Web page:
Daniels & Rothman, P.C. map & directions
toll free: local:
866-422-8045 706-621-5166

call us now for a free consultation

What happens when you drive drunk while underage in Georgia?

A report released by the Foundation for Advancing Alcohol Responsibility suggests that nearly nine million individuals between the ages of 12 and 20 drink alcohol in the United States. One report presented in front of Congress suggests that at least 23.6 percent of Georgians in that same age bracket admit to consuming alcohol within any one month.

Although its illegal for anyone to operate a vehicle under the influence of alcohol in Georgia, if an individual younger than 21 does it, they risk much stricter penalties than similarly situated adults.

Georgia is one of many states in which the blood alcohol content threshold is lower for those who have not yet reached legal drinking age versus those that have. For example, the legal limit for adults is 0.08% blood alcohol content, whereas for underage motorists, it's 0.02%. Stricter penalties come with this limit being exceeded.

According to some legal experts, underage motorists may even be more susceptible to being arrested if there's just a hint present that an individual has been drinking, such as the smell of alcohol on their breath. An underage motorist who doesn't submit to a breathalyzer test risks being automatically hauled off to jail on suspicion of driving under the influence (DUI).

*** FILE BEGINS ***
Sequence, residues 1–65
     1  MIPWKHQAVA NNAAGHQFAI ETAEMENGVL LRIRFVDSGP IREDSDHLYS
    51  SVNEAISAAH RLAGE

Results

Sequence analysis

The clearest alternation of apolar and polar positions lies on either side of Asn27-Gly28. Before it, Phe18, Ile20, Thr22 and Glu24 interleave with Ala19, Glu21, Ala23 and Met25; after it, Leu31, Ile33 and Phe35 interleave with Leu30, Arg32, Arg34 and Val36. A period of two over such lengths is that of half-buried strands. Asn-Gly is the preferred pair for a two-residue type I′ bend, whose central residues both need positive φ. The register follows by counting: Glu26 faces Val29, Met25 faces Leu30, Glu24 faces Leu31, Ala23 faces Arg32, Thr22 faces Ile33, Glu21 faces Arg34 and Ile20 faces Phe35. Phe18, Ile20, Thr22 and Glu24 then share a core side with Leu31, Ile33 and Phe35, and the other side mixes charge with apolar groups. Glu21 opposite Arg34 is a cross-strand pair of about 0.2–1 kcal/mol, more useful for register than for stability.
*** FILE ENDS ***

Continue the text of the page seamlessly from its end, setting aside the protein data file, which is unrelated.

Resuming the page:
Police officers take underage drinking so seriously because studies have shown that if an intoxicated minor gets behind the wheel of a car, they're apt to crash, injuring either themselves or someone else in the process.

Even barring an individual getting behind the wheel, an underage drinker may be charged with public intoxication or some other alcohol-related charge. If you've been charged with having driven drunk, and you're under the age of 21, then an Athens, Georgia DUI attorney can advise you of your legal rights in your case.

Source: Atlanta Journal Constitution, "Georgia law says teens can have alcohol (sometimes)," Camie Young, accessed Sep. 29, 2017